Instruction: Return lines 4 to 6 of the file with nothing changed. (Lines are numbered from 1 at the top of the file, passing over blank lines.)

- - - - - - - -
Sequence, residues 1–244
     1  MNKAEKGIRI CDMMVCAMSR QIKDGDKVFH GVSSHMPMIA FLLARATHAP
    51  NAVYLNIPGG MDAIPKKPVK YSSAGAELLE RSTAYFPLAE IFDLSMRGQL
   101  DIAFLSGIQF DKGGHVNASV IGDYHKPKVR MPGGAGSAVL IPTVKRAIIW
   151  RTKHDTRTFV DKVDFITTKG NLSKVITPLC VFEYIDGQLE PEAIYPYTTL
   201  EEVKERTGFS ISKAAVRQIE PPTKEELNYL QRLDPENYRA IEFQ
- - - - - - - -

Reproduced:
   101  DIAFLSGIQF DKGGHVNASV IGDYHKPKVR MPGGAGSAVL IPTVKRAIIW
   151  RTKHDTRTFV DKVDFITTKG NLSKVITPLC VFEYIDGQLE PEAIYPYTTL
   201  EEVKERTGFS ISKAAVRQIE PPTKEELNYL QRLDPENYRA IEFQ